Free Access
Issue
A&A
Volume 559, November 2013
Article Number A122
Number of page(s) 8
Section Astrophysical processes
DOI https://doi.org/10.1051/0004-6361/201321793
Published online 26 November 2013

© ESO, 2013

1. Introduction

In stellar evolution, the term “overshooting” is used to denote any process that can extend the mixing effect of a convective flow beyond the region of linear instability of the stratification. A number of conceptually different processes have been considered, operating on a range of length scales and time scales.

The first overshooting mechanism one can think of is the extension of the convection zone as caused by the inertia and entropy contrast of the convective flows, which they developed before leaving the convection zone proper. Roxburgh (1965) and Saslaw & Schwarzschild (1965) both estimated the expected extent of overshooting due to this process using characteristic values of the speed and entropy contrast predicted by the mixing-length theory (MLT). They obtained a negligible penetration distance as a consequence of the steep entropy gradient in the radiative zone and low convective velocities connected to the efficiency of deep convection in stars.

This process can be called “overshooting” in the literal (ballistic) sense, operating on a short time scale and over a negligible distance. It was recognised early on (e.g. Shaviv & Salpeter 1973) that the convective cells at the boundary with a stable zone could also have a slower but systematic effect that extends the region of convectively overturning motion. Such effects would be much more relevant on the longer time scales of stellar evolution. To distinguish it from the ballistic process, this kind of process can be called “convective penetration” (Zahn 1991). Models have been developed by several authors. Van Ballegooijen (1982) studied the long-term response of the sub-adiabatic interior to a stationary convective flow at the base of the convection zone. The model predicted a mildly sub-adiabatic overshoot region terminated by a thin boundary layer. Related ideas were developed by Schmitt et al. (1984) and Rempel (2004) using models for the interaction of downward plumes with their environment.

For the discussion of overshooting/penetration it is useful to make a distinction between the case of a convective envelope like the Sun and Sun-like stars and the conditions in internal convective zones in stars. Owing to the very low gas density at the stellar surface, where the flows are driven, the flows in a convective envelope are far more “plume-like” than in a convective core, where the density stratification is much less extreme. This has major consequences for the overshooting problem. Whereas in core convection the order of magnitude of velocities and temperature fluctuations can be plausibly estimated from a mixing-length formula, the downward plumes in a convective envelope have much stronger entropy contrasts than mixing-length estimates based on some average of the stratification. To the (as yet poorly known) extent to which these plumes survive mixing, entrainment and merging (see e.g. Viallet 2012), they will arrive at the base of the convection zone with a broad range of entropy contrasts. This mixture will settle in the stable layers below at a range of depths, which are determined by the distribution of entropy contrasts (see Nordlund & Stein 1995 for an example of a simulation showing the effect qualitatively). We call this form of gentle overshooting “convective settling” (shortened to “settling” hereinafter). The explicit inclusion of the cold plumes makes it a rather different contribution to overshooting compared with the processes mentioned above. On the long time scales relevant to stellar evolution, it has the potential of producing a weak mixing extending to deeper layers.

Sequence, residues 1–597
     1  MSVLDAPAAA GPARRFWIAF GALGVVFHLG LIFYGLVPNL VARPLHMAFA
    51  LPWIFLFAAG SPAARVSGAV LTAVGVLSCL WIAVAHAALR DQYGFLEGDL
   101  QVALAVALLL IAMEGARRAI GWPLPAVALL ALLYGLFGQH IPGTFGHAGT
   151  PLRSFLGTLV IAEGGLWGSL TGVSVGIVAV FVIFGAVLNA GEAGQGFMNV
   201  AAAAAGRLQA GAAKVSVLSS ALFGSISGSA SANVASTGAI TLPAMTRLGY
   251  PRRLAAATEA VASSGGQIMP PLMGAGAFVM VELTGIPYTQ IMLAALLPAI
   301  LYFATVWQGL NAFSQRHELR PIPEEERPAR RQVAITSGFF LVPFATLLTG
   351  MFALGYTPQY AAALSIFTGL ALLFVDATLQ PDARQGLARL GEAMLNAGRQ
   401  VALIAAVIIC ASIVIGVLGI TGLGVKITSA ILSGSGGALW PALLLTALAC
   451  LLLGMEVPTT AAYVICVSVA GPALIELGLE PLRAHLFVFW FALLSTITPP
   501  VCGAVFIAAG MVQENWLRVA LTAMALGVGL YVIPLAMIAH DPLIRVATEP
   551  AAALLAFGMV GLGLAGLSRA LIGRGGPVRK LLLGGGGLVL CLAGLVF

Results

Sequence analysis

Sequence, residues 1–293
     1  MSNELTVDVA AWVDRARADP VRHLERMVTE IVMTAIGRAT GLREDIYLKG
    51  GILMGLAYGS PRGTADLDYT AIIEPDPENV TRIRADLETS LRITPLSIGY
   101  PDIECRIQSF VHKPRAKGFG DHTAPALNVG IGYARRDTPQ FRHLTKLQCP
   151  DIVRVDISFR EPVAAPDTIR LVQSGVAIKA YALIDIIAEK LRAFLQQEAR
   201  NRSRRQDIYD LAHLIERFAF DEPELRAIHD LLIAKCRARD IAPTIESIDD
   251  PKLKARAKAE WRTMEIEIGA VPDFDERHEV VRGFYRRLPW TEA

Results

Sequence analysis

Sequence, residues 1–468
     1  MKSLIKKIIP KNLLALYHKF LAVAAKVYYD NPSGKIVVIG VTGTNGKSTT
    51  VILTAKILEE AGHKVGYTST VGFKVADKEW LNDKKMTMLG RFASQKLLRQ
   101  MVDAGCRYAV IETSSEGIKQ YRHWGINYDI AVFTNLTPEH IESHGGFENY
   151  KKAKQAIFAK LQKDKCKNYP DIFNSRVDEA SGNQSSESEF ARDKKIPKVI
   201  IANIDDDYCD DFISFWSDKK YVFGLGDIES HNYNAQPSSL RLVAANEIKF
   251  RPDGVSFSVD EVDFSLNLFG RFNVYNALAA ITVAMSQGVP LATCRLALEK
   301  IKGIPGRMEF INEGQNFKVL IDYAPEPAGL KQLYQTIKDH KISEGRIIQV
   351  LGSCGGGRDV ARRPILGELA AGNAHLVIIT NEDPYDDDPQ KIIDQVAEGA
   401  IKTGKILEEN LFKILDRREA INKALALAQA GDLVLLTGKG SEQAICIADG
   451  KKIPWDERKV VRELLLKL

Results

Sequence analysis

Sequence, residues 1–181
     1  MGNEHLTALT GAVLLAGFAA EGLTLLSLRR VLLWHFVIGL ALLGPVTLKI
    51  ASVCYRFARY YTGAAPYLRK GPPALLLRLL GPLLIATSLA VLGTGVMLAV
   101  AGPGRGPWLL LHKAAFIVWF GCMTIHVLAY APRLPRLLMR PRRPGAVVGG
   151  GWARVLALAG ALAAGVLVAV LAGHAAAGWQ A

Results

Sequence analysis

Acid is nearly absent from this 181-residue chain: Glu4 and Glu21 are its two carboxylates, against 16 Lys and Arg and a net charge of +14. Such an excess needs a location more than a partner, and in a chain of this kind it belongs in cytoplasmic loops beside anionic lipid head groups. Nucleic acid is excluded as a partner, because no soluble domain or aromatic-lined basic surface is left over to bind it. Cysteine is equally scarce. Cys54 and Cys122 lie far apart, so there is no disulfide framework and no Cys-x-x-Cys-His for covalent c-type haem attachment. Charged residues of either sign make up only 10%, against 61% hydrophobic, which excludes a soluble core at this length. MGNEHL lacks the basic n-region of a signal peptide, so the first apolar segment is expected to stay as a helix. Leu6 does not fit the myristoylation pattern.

Numerical simulations are naturally restricted to limited time scales that cover the ballistic process much better than the slower processes of penetration and convective settling. Extrapolations have to be made to translate simulation results from a numerically accessible regime to astrophysically relevant conditions. Since different contributing processes act on different time scales and depths, such extrapolation would require disentangling them from a numerical simulation. This is not a straightforward task. Early two-dimensional computations by Hurlburt et al. (1986) showed strong downward-directed plumes penetrating deep into the stable stratification and generating gravity waves there. Later studies (e.g. Hurlburt et al. 1994; Singh et al. 1995; Brummell et al. 2002; Rogers & Glatzmaier 2005) focussed on the dependence of penetration depth on the stiffness of the interface separating the stable and the unstable stratification. With 3D simulations of a convective envelope model, Nordlund & Stein (1995) showed qualitatively how the transition from convection to the stable interior is softened by the spread in entropy of the downward plumes, i.e. the “settling” process above. Realistic simulations of a convective envelope are still quite outside the accessible domain. This is due to the daunting range of length and time scales needed to cover the driving at the stellar surface, the mixing and entrainment in the plumes, and their compression over the enormous density range between the surface and the base (cf. Rogers & Glatzmaier 2005; Rogers et al. 2006).